When I first saw the teaser actor Sebastian Stan put up on his Instagram for his indie movie, Monday, I checked the comments.
It was the usual, “Did he just lick her face?” “I am so jealous of her!” “He is so hot!” etc etc and then there was this one that popped up:
“idk if i will watch becuase idk if i can bare seeing u kiss another woman” followed by over 180 likes and comments asking, “Why does this hurt so much?”
Now I have an answer to that question. This attachment to an actor is an example of a parasocial relationship.
The term was invented in the 1950s by scientists Donald Horton and Richard Wohl, it basically means when a person forms a one-sided relationship with the media. So you know when you get excited when a character gets their happy ending? Does it feel like a friend or even possibly you also got their happy ending? Is it because you spent so much time investing in this character’s story? That’s parasocial.
Now let’s say you like that character so much, you wanted to see who was the actor portraying that character and then you start to like the actor too. You follow them on social media, watch whatever else they have been in, read their interviews, etc. Now you are a full-blown fan of not just the character but of the actor as well.
This is not just about actors, it can happen to any form of media. Musicians and athletes are in a whole league of their own. People hate each other or love each other based on what team they support. But that is for another time.
Parasocial became a form of a relationship when the visual medium was used. Fans have existed for as long as entertainment has, there were fans of Shakespeare during his time, of Beethoven during his time. But when the TV came and people could watch and listen to someone in the comfort of their own living rooms, enjoying dinner with their families, every night, well that changed things. A parasocial relationship was formed. Lucille Ball didn’t know every single viewer, just like how Sebastian Stan doesn’t know every 5.3+ million followers he has on Instagram. But the viewers know Lucille Ball, and the followers know Sebastian Stan and care for these media personalities.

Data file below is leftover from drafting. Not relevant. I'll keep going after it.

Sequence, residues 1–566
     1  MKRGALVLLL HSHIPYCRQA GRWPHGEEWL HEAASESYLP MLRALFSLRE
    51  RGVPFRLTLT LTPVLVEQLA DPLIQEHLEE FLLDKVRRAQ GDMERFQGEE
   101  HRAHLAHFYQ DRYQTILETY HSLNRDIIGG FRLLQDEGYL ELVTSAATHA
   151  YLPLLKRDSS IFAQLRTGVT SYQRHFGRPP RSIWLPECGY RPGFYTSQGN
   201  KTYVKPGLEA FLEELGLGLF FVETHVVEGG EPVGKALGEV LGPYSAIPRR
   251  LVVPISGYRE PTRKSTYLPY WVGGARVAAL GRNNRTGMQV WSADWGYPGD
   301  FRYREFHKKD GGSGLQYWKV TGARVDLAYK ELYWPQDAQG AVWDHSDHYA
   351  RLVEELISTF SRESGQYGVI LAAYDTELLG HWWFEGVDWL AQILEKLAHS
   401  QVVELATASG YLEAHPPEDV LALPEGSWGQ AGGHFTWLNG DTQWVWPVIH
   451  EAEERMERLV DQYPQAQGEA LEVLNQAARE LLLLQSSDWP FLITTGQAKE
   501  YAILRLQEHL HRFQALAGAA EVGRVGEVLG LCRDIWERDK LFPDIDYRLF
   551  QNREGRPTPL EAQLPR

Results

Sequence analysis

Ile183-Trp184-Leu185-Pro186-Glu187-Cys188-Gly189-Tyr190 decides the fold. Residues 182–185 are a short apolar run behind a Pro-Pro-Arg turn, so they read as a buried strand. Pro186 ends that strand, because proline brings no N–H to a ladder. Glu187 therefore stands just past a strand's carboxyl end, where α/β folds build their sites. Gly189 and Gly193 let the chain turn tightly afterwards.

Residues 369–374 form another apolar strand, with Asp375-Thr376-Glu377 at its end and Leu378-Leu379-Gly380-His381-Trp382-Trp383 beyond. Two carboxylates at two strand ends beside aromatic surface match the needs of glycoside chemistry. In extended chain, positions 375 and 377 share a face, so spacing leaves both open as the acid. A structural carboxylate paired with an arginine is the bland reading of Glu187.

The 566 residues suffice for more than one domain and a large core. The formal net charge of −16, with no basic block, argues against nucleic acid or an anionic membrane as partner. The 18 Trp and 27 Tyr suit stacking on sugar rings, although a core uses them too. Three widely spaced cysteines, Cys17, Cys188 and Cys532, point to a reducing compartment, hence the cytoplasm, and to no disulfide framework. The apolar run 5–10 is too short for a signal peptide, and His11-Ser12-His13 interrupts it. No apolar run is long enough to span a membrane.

So for the fans who commented, “Why does this hurt?” It hurts because you formed a one-sided relationship with him, an emotional attachment and attraction to him as an actor, and as a person. Therefore, to see someone you know care for kiss someone else (or lick their face as he does in the clip), you feel in a sense cheated on. At the very least, you feel jealous or protective of who your favorite actor is spending his time with.
It is actually not that uncommon but it has heightened now that we are in the digital age. Instead of going to a theater, or watching the tv in a designated spot in the house, you can watch or listen to whoever you want, whenever you want, however you want. It is all accessible in the palm of your hand, called a smartphone.
So what can you do? The first step is to admit that these feelings you have for the actor shows that they are doing their job well. You are a fan, they appreciate your passion but it is not really a relationship past that of fandom.
If it really is taking a lot out of you, take a break from the media, delete the streaming services and social media apps off your phone. Designate a time limit to your exposure to them. That distance can do you a lot of good. Because then, you can enjoy the media for what it is, entertainment.
There is nothing wrong with crushing on an actor, but don’t let it ruin your mood when you aren’t the one he is kissing on the screen (or in real life for that matter).